Tuesday, July 20, 2010

A Short Stay And The Power of Staying The Course

Friends have been telling us that our weekly note to readers in Capital Business reads like a blog, so we permit us to re-post here:

This time a year I'm often asked if I have any plans for the summer.

Mostly my vacations revolve around shuttling my son hither and yon to soccer tournaments. But I did take my one and only true break last week.

It involved a single overnight, a birthday present to my wife.

We made our pilgrimage to the Inn at Little Washington.

Like a lot of folks, we've often wondered if the place was really as good as its reputation.

Well, we got our answer. The food, the service is simply to ... die ... for.

This column is much too short to do our stay justice. We found pleasures in the simplest of gestures, the tiniest of tastes. We ordered the inn's tasting menu and before the first of our seven courses arrived came a variety of treats. One was a small cube of barbecue pork belly. I'm the kind of guy who prides myself on working a grill. I like to measure my cooking times in hours, not minutes. My meat in pounds, not ounces. But after that one bite, I'm ready to throw away my recipes.

Throughout the visit, I couldn't help thinking how our whole stay had been shaped by years of trial and error. Chef Patrick O'Connell started the restaurant in a garage (shades of the dot-com boom!) and opened the inn in 1978. The guest house is now part of a little village of cottages, gardens, a gift shop and more. There's talk of adding a spa one day.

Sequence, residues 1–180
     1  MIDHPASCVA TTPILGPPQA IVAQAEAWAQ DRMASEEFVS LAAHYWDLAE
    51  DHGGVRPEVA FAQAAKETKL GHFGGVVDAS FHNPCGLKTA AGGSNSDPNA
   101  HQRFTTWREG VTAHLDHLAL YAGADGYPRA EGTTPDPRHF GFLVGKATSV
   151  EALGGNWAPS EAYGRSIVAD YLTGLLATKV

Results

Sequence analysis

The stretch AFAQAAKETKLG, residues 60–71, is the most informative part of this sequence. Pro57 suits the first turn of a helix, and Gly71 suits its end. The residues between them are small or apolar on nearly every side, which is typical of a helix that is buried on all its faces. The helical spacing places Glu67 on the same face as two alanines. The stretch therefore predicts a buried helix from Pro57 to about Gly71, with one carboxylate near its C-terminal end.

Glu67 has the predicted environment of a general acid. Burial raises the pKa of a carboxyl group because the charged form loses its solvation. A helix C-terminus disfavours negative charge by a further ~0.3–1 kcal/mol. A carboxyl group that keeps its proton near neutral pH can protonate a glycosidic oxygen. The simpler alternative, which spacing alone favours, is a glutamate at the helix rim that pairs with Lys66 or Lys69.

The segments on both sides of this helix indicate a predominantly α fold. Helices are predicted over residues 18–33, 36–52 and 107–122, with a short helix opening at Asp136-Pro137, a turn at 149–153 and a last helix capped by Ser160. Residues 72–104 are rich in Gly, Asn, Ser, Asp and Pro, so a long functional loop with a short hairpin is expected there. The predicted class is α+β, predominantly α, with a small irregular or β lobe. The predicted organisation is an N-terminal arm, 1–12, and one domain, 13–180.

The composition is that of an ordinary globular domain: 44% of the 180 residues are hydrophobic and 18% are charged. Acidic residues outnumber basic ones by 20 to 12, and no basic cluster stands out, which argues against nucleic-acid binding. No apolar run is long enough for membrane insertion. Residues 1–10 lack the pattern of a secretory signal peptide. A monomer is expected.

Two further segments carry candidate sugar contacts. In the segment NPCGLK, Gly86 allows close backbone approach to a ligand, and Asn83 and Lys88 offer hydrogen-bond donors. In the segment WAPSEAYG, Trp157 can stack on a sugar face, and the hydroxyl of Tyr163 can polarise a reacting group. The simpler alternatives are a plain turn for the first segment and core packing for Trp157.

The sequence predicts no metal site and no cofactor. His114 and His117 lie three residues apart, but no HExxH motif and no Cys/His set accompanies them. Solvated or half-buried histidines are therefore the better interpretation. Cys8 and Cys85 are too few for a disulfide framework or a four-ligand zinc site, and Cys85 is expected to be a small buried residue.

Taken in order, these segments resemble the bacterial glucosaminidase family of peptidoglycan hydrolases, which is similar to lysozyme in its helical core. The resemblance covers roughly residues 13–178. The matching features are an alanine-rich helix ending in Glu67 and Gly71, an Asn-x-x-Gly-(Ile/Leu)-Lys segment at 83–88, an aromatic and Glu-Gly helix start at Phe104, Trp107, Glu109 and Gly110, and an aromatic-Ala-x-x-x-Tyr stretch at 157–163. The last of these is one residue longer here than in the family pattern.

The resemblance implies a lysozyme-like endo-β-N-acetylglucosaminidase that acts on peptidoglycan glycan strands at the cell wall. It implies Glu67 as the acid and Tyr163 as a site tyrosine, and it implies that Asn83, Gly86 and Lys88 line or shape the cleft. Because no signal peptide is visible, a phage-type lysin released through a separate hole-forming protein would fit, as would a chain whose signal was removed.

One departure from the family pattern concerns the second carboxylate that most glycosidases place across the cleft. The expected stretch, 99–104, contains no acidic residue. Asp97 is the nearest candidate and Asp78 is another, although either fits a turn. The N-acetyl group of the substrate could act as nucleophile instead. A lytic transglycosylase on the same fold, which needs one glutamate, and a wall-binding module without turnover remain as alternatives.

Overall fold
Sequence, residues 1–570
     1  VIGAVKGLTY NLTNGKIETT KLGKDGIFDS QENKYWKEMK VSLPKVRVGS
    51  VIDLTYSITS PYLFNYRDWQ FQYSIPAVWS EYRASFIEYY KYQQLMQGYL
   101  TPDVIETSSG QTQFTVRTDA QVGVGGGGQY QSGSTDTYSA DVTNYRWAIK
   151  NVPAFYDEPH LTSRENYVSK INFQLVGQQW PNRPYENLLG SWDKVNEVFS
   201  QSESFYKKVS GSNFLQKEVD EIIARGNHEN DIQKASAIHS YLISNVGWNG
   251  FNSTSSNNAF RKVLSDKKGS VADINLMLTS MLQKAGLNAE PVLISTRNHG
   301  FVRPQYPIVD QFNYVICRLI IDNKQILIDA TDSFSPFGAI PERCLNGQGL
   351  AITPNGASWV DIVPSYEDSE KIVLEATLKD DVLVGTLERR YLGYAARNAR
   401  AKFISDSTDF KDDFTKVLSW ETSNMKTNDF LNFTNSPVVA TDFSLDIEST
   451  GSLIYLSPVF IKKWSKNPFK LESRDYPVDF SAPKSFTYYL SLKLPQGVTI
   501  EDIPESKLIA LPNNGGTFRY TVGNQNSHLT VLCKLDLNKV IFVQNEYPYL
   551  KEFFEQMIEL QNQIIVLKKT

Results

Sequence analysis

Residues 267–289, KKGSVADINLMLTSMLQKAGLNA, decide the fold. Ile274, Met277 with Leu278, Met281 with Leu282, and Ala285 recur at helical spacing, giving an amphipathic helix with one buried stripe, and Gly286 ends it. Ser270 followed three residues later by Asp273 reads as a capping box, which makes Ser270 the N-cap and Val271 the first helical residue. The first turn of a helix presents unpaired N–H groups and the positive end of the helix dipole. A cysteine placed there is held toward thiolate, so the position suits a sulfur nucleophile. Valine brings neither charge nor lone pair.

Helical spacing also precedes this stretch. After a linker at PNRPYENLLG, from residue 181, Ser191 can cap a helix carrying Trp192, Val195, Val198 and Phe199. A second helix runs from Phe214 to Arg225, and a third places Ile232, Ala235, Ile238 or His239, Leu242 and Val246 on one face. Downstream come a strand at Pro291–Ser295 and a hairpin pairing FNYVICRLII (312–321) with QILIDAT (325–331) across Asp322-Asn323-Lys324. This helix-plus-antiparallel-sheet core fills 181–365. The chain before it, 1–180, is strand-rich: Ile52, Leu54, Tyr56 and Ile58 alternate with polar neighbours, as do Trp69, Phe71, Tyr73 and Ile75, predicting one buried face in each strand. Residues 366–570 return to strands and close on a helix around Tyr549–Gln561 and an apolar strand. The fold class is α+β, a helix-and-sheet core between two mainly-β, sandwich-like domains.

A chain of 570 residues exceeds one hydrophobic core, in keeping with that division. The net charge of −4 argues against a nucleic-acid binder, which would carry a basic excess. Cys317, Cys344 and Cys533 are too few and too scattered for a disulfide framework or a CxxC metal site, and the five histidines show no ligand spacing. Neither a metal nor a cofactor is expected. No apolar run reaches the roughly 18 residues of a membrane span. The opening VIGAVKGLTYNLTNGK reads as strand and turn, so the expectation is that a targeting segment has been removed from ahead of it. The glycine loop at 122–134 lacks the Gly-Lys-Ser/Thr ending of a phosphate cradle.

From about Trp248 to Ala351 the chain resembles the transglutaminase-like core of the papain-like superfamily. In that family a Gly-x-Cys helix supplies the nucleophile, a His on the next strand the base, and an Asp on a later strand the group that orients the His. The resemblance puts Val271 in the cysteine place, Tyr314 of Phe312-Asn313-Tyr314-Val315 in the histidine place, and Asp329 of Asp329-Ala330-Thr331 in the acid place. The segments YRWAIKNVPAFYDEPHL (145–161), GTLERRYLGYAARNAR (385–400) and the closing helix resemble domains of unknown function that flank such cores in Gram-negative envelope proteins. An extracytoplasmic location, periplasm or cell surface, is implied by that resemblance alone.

That lesson in longevity was one reinforced before we arrived at the central Virginia inn. We started the day with a stop at Monticello, the home of Thomas Jefferson near Charlottesville. We've made many trips to the historic site and its gardens over the years, and as I grow older I have come to appreciate just what a labor of love creating that place on the top of a little mountain was to the nation's third president. Jefferson spent 40 years designing, building and remodeling the estate.

These days so many businesspeople are in such a hurry to establish something new and exciting and then look for a hasty exit -- as if they don't really trust their creation. My vacation this year let me reflect on the power of building a business bit by bit by bit, until it becomes part of the DNA of a place.

Our stay at the inn might have been brief, but it left a lasting and happy memory.

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